Study Says Nearly 15% of Mobile Apps Launched Offline
BOSTON — Nearly 15 percent of all app launches happen offline, suggesting that wireless connectivity needs to improve and that developers should build in more offline uses.
According to mobile analytics firm Localytics, although many apps work fine offline, many are just shortcuts to online content and they’re almost useless when a user’s out of range of their WiFi networks.
A report on Gigaom said that Localytics — which analyzes data for app publishers on iPhone, iPad, Android, BlackBerry and Windows Phone 7 — used its own product to come up with the data on offline use, based on type of connection and the time difference between when an app was opened and when the data was uploaded.
The problem of being out of range also begs for a better “time-shifting” transition between offline and online experiences.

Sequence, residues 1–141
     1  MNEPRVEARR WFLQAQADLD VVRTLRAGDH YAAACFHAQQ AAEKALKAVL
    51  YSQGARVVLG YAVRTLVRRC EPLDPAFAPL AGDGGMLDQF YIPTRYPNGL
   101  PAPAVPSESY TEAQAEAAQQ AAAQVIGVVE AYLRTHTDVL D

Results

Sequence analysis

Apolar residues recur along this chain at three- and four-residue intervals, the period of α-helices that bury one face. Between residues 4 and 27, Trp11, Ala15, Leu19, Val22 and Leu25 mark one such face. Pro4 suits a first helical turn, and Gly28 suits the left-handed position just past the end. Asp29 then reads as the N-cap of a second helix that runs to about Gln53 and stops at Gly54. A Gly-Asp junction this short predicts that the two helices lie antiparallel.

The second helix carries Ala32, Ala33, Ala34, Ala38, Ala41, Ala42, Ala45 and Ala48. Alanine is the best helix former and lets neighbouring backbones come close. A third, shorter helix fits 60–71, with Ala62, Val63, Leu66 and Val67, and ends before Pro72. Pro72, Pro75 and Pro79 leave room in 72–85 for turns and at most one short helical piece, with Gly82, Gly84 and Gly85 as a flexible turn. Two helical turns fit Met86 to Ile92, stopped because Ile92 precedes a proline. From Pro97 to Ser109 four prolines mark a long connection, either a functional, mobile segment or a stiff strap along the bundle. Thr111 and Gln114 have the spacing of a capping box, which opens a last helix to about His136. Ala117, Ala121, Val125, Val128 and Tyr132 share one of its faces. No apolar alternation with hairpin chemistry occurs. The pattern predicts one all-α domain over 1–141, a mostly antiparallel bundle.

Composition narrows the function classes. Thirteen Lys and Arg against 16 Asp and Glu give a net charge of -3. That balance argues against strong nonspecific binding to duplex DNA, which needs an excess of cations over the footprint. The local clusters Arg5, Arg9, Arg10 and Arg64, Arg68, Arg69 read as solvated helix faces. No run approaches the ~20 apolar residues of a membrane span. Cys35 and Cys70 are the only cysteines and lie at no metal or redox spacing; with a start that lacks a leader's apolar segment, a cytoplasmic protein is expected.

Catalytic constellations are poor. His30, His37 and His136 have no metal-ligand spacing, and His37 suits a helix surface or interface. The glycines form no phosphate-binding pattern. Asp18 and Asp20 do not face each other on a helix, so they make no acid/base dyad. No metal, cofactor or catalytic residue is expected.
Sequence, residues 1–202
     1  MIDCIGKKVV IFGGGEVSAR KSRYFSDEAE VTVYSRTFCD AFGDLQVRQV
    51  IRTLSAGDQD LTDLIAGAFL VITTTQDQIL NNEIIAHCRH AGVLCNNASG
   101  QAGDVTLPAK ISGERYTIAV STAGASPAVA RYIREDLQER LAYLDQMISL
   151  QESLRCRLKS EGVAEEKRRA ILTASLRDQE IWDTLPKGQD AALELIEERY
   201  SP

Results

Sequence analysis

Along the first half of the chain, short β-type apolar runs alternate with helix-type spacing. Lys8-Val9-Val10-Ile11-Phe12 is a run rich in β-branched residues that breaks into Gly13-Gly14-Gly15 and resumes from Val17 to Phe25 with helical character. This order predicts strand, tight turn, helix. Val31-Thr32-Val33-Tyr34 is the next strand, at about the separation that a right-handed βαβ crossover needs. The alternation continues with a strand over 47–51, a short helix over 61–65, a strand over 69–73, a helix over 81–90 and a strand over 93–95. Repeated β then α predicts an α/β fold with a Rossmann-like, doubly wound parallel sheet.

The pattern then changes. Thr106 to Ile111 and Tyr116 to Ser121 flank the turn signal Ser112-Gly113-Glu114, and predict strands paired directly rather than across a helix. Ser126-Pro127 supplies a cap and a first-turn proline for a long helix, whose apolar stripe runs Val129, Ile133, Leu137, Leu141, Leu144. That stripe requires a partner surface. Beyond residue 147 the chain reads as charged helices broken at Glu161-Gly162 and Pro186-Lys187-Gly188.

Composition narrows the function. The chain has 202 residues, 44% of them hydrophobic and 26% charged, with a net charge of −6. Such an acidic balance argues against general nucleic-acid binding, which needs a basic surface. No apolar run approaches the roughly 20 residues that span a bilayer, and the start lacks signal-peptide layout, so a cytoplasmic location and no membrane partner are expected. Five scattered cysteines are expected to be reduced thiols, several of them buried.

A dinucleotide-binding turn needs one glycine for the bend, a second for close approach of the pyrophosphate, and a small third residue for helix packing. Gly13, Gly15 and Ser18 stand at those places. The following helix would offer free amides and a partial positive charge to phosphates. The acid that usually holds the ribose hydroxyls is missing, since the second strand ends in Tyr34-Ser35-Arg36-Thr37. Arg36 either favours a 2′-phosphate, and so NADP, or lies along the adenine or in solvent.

Gigaom said that Google Maps for Android is an example of an app that has integrated more content for offline use.
“The app, updated in December is able to pull up a full and pretty detailed map even though it’s out of wireless range. I’m not sure if all developers can go to those lengths but it’s great that Google Maps offers some kind of service while offline instead of throwing up a warning notification,” Gigaom said.
It was suggested that app data — or at least some if depending on size — be cached when out of range so when it’s in WiFi range the app is automatically updated.
Developers should also offer some evergreen information or light functionality while reminding people they are offline in order to keep them engaged.